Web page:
NATURE: The male student choked up. He told the big crowd how he faced a particularly daunting outdoor challenge set up by Explore Austin. He recalled how he had looked down to see his "brothers" and regained his courage. If anyone on the patio of Contigo remained unmoved by his testimony during the Quest for the Summit benefit, I’d be very surprised. Explore Austin, which introduces students to new experiences out of doors, attracts a singular set of fit-looking folks in their 30s and 40s. These are not your customary charity backers — I recognized only four people among hundreds — and that’s a good thing. It’s gratifying to see each of Austin’s many, many nonprofits attract its own following. (What are we at now? Five thousand charities? And some fallacious studies show Austin as uncharitable.)

ARTS: The guests at the Long Center really got into it. In the Kodosky Lounge, out on the City Terrace, across the aisles, they discussed their favorites during the three-way battle known as New American Talent. Ballet Austin’s biennial contest pits choreographers from around the country. Jimmy Orrante, Gabrielle Lamb and James Gregg introduced their selections — as much modern, postmodern and jazz forms as ballet — via video. Then, after, the debates began. Lots of tweeting in between. It’s as much about the audience and its tastes as the dancing. This evening, Greggy’s anguished dreamscapes won the audience nod. Three jurors — Nancy Wozny, Stoner Winslett and Charles Santos — will make the final call at the end of the weekend. (I declined to vote. Didn’t want that on my permanent record.)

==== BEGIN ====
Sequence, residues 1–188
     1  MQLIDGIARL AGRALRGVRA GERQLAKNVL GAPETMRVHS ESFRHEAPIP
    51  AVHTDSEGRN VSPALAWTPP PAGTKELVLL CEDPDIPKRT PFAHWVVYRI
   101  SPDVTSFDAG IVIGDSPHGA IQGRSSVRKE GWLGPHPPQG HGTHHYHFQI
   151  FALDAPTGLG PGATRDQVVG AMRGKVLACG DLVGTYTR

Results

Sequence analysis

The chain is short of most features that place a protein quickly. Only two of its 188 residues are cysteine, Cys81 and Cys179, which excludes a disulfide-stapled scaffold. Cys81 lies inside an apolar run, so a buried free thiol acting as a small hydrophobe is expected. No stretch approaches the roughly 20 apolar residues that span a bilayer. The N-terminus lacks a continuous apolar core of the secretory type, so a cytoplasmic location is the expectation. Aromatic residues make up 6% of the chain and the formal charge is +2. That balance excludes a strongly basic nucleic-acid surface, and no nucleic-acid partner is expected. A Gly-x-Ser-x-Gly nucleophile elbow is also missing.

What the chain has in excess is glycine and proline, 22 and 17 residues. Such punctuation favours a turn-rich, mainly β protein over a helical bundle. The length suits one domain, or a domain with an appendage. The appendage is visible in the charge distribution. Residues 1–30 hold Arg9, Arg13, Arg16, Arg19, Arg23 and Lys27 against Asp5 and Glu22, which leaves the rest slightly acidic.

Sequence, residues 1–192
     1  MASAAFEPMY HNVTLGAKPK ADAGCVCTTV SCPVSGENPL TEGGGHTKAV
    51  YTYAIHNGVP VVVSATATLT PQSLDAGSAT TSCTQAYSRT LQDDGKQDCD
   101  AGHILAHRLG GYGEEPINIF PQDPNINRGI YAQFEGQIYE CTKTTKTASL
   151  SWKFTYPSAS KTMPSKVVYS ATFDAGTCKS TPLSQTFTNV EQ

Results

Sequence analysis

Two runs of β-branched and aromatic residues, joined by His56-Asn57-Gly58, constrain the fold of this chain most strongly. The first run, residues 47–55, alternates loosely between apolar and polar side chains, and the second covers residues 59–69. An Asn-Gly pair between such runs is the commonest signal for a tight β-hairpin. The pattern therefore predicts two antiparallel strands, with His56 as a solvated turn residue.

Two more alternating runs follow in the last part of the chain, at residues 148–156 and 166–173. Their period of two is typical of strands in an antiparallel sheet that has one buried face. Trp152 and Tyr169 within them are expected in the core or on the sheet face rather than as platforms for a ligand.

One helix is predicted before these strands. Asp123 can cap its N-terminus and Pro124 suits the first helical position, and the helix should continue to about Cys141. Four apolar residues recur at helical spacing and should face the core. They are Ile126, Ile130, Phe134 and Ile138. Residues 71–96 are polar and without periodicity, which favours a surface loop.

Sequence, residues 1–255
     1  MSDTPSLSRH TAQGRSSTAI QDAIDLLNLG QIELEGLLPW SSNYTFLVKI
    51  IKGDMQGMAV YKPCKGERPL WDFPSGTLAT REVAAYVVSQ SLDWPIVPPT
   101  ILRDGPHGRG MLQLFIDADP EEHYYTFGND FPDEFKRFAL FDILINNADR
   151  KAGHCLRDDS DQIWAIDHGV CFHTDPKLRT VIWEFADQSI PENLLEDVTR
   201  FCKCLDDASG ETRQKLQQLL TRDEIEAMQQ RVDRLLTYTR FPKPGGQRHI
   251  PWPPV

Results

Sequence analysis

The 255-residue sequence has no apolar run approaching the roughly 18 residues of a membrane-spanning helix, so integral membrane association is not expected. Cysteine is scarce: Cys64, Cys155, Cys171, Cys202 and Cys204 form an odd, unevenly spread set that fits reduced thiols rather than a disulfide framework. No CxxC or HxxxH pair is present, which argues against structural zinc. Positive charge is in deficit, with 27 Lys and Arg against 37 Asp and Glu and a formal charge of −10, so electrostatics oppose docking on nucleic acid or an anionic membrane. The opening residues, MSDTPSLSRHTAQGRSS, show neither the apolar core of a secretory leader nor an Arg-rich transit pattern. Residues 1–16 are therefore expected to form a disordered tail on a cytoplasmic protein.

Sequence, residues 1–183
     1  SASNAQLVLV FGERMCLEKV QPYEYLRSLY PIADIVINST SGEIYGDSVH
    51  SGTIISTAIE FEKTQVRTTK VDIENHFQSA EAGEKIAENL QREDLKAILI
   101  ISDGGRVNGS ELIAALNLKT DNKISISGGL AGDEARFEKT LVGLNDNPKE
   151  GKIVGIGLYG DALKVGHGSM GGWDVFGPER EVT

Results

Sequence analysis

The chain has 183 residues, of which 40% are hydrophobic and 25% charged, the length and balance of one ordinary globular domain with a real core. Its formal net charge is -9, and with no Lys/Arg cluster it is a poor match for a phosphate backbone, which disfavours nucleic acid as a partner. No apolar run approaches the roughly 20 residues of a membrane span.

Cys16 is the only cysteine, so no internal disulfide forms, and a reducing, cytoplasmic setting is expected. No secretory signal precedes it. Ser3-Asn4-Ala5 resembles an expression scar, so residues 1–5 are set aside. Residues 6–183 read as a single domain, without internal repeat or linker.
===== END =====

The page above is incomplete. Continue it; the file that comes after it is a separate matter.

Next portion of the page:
FOOD: A new look and an old soul at Odd Duck. From Matthew Odam’s story in the Statesman: "With its wraparound floor-to-ceiling windows, Bryce Gilmore’s Odd Duck glows like a pristine jewel on South Lamar’s recently constructed Gibson Flats development. The sleek lines of the building represent the face of an evolving Austin, but the restaurant’s soul belies the modernity spouting around it. Odd Duck may use contemporary techniques in preparing some of its dishes (how many in Lockhart have cooked a brisket sous vide?), but it specializes in rustic flavors and ingredients piqued with the acid of Gilmore’s trademark pickling. Austin native Gilmore first opened Odd Duck as a trailer in 2009 just feet from the front door of his new restaurant. In the years since, he’s opened Barley Swine, one of the city’s best restaurants, just down the street and earned two James Beard nominations for best chef in the Southwest. That’s quite a trek from a 150-square-foot mobile kitchen parked on a gravel lot. Odd Duck may be Austin’s hot new thing, but its warmth feels more like an heirloom quilt than the hot lights of a fashion runway. http://shar.es/BGyak(Excitement!)

ARTS 2: Deborah Hay at the Blanton Museum of Art. From Jeanne Claire van Ryzin’s story in the Statesman: "Perception Unfolds: Looking at Deborah Hay’s Dance," an exhibit at the Blanton Museum of Art through May 18, at first seems much like other video art installations. But really it is an invitation to dance. Or more specifically, it’s a new and different means to experience the work of one of contemporary dancemaking’s most intrepid experimenters. our translucent screens hang in the Blanton’s darkened high-ceilinged gallery, forming a parallelogram. Each features the performance of a single dancer, projected nearly life-size and, with a little technological sleight-of-hand, projected from both front and back. Enveloped in the darkness, a viewer can surreptitiously slip around the screens, circle each dancer, get uncommonly close to the moving image of each performer, the high-definition video offering unusually intimate detail of the dancers, detail most audience members could never see. That intimate viewing feels a bit awkward at first, illicit even, as if you’ve slipped through that so-called fourth wall that separates an audience from a stage." http://shar.es/BGyep(Deborah Hay!)